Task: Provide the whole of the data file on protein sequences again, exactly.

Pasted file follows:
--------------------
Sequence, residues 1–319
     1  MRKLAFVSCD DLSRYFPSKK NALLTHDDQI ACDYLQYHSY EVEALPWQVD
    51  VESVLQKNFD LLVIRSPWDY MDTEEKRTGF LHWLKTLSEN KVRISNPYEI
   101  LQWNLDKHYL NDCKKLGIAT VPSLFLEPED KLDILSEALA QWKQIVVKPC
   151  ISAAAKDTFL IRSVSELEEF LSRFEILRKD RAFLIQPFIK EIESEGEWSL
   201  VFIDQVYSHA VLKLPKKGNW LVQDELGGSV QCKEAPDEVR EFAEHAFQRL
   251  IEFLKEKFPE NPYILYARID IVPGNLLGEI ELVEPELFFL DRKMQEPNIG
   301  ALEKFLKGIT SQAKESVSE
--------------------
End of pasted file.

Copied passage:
Sequence, residues 1–319
     1  MRKLAFVSCD DLSRYFPSKK NALLTHDDQI ACDYLQYHSY EVEALPWQVD
    51  VESVLQKNFD LLVIRSPWDY MDTEEKRTGF LHWLKTLSEN KVRISNPYEI
   101  LQWNLDKHYL NDCKKLGIAT VPSLFLEPED KLDILSEALA QWKQIVVKPC
   151  ISAAAKDTFL IRSVSELEEF LSRFEILRKD RAFLIQPFIK EIESEGEWSL
   201  VFIDQVYSHA VLKLPKKGNW LVQDELGGSV QCKEAPDEVR EFAEHAFQRL
   251  IEFLKEKFPE NPYILYARID IVPGNLLGEI ELVEPELFFL DRKMQEPNIG
   301  ALEKFLKGIT SQAKESVSE